Did you know that actively taking biotin supplementation can mess up your lab work??
What is biotin??
Biotin refers to the water soluble b-vitamin called B7. It’s also called vitamin H. Water soluble means it will urinate out of you if some is not needed.
What does biotin do?
In simple terms, this vitamin helps convert your food to energy by helping to break down carbohydrates, fats and protein. In fact, the same is true for most b-vitamins!
But it’s also known to help hair growth, which is a big reason many with non-autoimmune hypothyroid, or autoimmune Hashimoto’s patients, take it! Hair loss can be common for some with hypothyroidism, or the attack on the thyroid, or having inadequate levels of iron.
Biotin also helps strengthen weak nails. All these improvements may take a few months. But patients do report seeing improvements to hair and nails…even skin…from biotin.
In those with diabetes, there is some research showing it can help with lowering blood glucose levels.
What foods also have biotin/B7?
Besides supplementation, you can find it in red meat, organ meat like liver, eggs, salmon, spinach, sweet potatoes, broccoli, mushrooms, seeds, and nuts. If you are hypothyroid, you may not be getting enough from foods due to the way hypothyroidism causes absorption problems in the stomach.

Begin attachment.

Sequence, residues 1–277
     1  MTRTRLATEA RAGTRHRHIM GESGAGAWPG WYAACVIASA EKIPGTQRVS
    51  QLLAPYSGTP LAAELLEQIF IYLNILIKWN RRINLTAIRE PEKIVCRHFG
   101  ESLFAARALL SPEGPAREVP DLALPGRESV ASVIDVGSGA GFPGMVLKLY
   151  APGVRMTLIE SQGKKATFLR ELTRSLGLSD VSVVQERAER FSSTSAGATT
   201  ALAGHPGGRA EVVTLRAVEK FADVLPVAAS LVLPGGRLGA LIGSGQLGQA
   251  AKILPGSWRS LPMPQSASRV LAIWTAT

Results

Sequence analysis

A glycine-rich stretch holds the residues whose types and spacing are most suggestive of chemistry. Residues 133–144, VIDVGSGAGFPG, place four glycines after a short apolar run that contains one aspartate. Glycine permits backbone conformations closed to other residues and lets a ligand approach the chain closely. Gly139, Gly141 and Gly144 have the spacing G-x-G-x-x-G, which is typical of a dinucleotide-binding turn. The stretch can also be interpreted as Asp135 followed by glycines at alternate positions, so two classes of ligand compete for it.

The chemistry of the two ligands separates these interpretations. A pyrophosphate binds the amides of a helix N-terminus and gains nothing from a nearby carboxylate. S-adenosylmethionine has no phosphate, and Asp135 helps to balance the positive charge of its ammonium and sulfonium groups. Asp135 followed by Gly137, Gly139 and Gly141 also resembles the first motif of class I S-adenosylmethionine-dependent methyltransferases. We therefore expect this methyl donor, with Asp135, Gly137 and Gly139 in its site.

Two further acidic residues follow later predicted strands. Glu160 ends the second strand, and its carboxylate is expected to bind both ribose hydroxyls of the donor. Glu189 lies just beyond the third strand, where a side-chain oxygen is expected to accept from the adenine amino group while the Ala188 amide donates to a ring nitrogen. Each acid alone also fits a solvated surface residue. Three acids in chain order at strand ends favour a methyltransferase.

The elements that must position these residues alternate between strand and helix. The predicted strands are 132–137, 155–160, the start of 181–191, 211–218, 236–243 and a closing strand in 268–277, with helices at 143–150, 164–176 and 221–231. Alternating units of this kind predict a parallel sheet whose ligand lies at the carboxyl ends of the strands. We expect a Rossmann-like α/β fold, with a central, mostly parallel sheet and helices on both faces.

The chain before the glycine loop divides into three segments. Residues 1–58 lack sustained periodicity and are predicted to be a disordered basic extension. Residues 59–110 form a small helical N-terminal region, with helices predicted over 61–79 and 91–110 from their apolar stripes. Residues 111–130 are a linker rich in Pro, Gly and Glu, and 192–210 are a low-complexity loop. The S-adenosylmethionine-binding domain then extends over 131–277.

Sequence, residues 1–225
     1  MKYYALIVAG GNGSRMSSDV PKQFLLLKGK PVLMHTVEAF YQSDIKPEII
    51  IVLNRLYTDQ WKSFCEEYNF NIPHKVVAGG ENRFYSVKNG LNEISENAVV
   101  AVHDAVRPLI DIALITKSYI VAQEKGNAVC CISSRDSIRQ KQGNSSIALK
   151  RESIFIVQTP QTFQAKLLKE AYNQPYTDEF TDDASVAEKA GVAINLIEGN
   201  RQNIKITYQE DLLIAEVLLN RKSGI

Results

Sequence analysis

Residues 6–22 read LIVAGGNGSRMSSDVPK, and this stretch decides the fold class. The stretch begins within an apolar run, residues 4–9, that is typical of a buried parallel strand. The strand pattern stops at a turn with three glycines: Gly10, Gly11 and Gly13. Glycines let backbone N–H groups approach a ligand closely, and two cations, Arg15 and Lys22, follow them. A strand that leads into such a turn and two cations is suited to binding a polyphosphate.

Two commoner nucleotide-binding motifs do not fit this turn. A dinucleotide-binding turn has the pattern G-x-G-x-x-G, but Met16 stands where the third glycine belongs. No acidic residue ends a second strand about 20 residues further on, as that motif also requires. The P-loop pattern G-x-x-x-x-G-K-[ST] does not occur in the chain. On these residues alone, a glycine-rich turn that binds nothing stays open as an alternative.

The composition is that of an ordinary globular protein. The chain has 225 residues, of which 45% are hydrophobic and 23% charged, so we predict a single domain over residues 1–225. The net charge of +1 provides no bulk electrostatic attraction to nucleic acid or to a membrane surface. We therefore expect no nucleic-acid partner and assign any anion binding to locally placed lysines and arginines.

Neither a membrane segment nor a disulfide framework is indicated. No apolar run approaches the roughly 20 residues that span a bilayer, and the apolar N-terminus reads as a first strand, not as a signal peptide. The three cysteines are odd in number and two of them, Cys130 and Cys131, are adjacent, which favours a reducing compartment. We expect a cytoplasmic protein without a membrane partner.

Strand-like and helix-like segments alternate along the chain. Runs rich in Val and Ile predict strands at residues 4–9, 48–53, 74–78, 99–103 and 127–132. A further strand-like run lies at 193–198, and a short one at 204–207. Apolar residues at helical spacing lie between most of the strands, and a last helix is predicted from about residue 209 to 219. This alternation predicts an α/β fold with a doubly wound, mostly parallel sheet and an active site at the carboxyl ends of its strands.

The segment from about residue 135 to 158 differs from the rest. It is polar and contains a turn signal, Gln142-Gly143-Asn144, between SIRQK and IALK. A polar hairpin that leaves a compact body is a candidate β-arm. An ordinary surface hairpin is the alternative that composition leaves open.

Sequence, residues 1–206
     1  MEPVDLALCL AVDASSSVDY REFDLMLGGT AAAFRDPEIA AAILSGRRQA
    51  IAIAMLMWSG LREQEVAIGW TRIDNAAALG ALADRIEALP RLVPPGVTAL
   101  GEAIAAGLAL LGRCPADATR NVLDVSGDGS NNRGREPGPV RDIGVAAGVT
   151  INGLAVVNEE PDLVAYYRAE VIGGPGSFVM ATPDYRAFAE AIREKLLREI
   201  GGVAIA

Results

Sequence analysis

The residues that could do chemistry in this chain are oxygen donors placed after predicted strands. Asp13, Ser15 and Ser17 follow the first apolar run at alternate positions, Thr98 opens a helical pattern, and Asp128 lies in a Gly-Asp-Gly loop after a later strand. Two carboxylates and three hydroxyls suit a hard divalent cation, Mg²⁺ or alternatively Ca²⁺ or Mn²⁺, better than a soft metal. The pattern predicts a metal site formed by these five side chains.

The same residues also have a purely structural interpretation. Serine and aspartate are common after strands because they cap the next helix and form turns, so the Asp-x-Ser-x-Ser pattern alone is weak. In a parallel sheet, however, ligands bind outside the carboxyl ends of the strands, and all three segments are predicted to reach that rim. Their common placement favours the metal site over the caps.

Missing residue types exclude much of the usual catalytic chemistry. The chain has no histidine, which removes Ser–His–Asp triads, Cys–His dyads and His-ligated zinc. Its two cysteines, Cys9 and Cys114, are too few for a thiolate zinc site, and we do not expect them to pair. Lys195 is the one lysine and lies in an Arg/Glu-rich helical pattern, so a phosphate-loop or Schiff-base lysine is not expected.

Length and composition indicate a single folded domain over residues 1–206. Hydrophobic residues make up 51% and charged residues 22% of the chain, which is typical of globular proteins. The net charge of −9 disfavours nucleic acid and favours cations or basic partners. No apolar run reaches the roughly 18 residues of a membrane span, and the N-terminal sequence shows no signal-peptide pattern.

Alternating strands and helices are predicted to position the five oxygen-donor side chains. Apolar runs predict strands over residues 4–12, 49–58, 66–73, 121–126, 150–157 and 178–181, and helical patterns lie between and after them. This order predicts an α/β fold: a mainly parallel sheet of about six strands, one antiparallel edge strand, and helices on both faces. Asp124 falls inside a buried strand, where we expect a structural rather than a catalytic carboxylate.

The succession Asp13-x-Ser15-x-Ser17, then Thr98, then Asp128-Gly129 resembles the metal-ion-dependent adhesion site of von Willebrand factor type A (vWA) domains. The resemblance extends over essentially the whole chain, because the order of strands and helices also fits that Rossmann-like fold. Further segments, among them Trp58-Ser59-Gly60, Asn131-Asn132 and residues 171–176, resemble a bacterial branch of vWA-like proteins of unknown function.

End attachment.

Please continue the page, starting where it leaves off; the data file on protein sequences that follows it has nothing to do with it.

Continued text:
But as far as eggs, consuming raw egg whites can lower our biotin levels. So it’s far better to consume cooked eggs.
Can we be deficient in biotin?
Most literature says it’s rare. But it may not be that rare if one has ongoing hypothyroidism (from lack of a diagnosis) or is poorly treated (such as being on nothing but T4, or non-optimal, even with T3 in our treatment). The latter slows down the production of stomach acid. Why is that a problem? Low stomach acid makes foods less absorbable! That’s why we can also seen iron fall B12 fall, vitamin D fall, etc.
Note that symptoms of low stomach acid can be similar to symptoms of too much acid. But for most, those symptoms represent LOW stomach acid. Read: https://stopthethyroidmadness.com/stomach-acid
As stated at the beginning of this article, biotin can mess up our lab results?
Definitely, especially in high doses. This fact first came from observation by thyroid patients who were using biotin supplementation: their free T3 or free T4 lab were coming back very odd and different than before. It varies between individuals, but patients would see a ridiculously low free T4 on doses of thyroid hormones that weren’t causing that before. Or the opposite would occur–ridiculously high results.
But they didn’t FEEL any different. It seemed to just change lab results.
Here’s info from 2017 about the biotin problem on lab test results: https://www.fda.gov/medical-devices/safety-communications/fda-warns-biotin-may-interfere-lab-tests-fda-safety-communication
What’s the solution?
We find it important to stop biotin supplementation for up to a week before doing labs. Some recommendations are 72 hours at least, some more. We shoot for the more, since many of us can have slow metabolisms.